The David Nevins House, located at 7 South Canterbury Road, is a gorgeous Georgian style home with a symmetrical facade. The five bay home has a large central stone chimney which appears original to the home, reports state it was restored in the 1970s using large stones found in the home’s basement. The central paired and panelled front doors are surrounded by a Georgian entry with pilasters with a pulvinated frieze and a broken scroll pediment above. The original owner David Nevins (1729-1758) moved to Canterbury from Nova Scotia Canada and worked as a merchant. In 1758, Nevins died when repairing a damaged bridge to reopen trade with nearby Plainfield. According to A History of Norwich (1866),
“He was standing on one of the cross beams of the bridge, giving directions to the workmen, and had his watch in his hand, which he had just taken out to see the time, when, losing his balance, he fell into the swollen stream, was swept down by the current, and drowned before he could be rescued“
After his death, the home was occupied as a parsonage for the First Congregational Church across the street.
While this ca. 1805 Federal estate was built for Elisha Payne, a businessman and later well-known politician around New England. In 1831, the home was acquired by Prudence Crandall (1803-1890) who both lived in and ran an all-girls school out of the large mansion. Originally serving as a teacher for Canterbury’s wealthy families, she eventually hired Sarah Harris a Black woman, who had lived nearby and wished to become a teacher herself. Local white parents were outraged, urging Crandall to expel Harris. She refused. When white parents withdrew their children, Crandall transformed her boarding school into one for African American girls. That, too, met with hostility from local white men who feared that it would draw more African Americans into their community and would lead to interracial marriage.
Admission to the new boarding school rose to 24 in the first few years. Both Crandall as well as her students endured harassment; shopkeepers refused to sell them food, the building was pelted with stones and eggs, and, in January 1934, the townspeople unsuccessfully attempted to set the school on fire. When Crandall continued undaunted, the Canterbury legislature passed its 1833 “Black Law” (repealed in 1838), making it illegal to run a school teaching African American students from a state other than Connecticut. Crandall was arrested and jailed. Her first trial ended in a hung jury; the second trial resulted in her conviction, which was overturned by a higher court. On the night of September 9, 1834, an angry mob broke most of the school’s windows and smashed furniture. Fearing for her students’ safety, Crandall finally closed the school.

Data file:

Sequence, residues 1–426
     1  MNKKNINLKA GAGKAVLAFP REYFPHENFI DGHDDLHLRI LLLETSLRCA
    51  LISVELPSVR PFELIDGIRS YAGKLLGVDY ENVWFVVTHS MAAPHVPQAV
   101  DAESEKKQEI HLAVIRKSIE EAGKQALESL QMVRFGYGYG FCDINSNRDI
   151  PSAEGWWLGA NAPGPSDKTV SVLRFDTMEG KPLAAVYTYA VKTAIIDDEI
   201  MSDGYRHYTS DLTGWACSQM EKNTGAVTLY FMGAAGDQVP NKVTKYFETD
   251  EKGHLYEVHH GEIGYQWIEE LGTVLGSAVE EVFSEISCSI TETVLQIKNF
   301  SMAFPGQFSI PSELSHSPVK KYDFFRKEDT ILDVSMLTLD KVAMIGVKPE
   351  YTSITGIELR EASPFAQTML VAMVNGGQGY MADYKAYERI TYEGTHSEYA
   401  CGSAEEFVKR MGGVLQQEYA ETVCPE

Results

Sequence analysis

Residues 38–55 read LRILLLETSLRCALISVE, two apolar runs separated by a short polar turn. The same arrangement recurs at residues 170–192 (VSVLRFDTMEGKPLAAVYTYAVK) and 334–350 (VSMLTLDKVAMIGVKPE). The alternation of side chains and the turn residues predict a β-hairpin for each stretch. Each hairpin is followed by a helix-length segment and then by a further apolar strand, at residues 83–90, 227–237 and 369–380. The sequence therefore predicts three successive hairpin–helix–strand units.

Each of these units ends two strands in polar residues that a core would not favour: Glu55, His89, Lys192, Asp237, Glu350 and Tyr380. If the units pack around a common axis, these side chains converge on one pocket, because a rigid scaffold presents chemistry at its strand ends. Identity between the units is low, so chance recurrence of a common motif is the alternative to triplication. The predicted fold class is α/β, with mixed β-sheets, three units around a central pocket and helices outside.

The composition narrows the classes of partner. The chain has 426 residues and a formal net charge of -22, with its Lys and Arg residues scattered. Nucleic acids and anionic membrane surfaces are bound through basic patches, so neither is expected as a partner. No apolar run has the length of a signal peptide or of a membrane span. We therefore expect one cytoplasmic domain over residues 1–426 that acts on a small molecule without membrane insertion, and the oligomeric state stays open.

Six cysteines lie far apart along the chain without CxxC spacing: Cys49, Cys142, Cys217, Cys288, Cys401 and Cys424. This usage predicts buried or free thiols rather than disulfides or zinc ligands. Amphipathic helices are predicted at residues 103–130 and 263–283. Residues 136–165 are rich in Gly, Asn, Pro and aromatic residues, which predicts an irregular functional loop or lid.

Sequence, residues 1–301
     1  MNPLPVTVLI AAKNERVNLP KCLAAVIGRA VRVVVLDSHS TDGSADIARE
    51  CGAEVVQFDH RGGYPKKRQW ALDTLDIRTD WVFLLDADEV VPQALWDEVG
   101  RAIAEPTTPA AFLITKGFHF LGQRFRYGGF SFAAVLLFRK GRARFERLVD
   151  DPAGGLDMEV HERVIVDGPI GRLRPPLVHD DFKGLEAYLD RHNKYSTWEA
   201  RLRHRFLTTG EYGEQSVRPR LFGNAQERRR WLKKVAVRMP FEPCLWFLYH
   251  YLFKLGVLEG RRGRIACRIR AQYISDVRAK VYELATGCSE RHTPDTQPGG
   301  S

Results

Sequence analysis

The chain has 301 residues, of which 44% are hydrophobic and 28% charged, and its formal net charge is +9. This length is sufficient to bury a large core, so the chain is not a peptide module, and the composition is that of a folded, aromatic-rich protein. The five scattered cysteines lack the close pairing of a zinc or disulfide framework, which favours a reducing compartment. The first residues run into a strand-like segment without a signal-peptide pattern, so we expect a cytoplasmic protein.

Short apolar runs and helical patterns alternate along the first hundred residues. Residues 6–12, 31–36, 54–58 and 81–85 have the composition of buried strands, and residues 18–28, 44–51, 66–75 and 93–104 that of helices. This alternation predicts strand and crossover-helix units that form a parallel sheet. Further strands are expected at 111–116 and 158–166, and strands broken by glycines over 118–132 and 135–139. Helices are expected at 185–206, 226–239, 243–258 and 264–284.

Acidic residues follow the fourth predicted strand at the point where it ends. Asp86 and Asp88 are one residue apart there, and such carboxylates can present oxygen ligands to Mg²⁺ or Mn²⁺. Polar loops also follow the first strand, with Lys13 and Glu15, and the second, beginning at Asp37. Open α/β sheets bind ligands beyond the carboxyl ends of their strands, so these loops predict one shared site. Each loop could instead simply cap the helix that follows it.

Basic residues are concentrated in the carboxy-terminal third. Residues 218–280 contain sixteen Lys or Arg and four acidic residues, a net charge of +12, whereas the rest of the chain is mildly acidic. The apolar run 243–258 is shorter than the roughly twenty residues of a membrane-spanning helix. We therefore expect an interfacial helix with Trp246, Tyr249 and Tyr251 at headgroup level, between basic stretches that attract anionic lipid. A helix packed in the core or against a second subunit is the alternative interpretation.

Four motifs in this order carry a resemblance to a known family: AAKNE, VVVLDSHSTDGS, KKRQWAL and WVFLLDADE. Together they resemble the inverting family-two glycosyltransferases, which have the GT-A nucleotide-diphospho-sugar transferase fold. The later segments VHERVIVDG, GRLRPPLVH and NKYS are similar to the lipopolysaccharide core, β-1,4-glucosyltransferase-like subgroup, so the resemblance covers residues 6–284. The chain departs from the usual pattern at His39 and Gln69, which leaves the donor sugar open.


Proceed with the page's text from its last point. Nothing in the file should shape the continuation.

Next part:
Prudence later married Calvin Philleo, a Baptist minister and abolitionist and they moved to Illinois. After she left Connecticut, and after the American Civil War, Connecticut Legislature and Windham County voted in favor of Black education and black suffrage, eventually sending Prudence a pension for her work while she lived in the state. As a white woman of wealth, Prudence Crandall broke all norms and gender barriers to provide what all would say is a basic human right, education to all. She believed that black girls were worthy of decent education, and she risked her life to provide it. The former school building and home is operated today as the Prudence Crandall Museum.
Built by local mill owner William Levally, this Federal House is a fairly high style version in a Cape form. The interesting fanlight transom and entry treatment and the decorative corbelling add a pop to the otherwise minimal home. After Levally’s death, the home was purchased by Hezekiah Crandall, Prudence Crandall’s brother.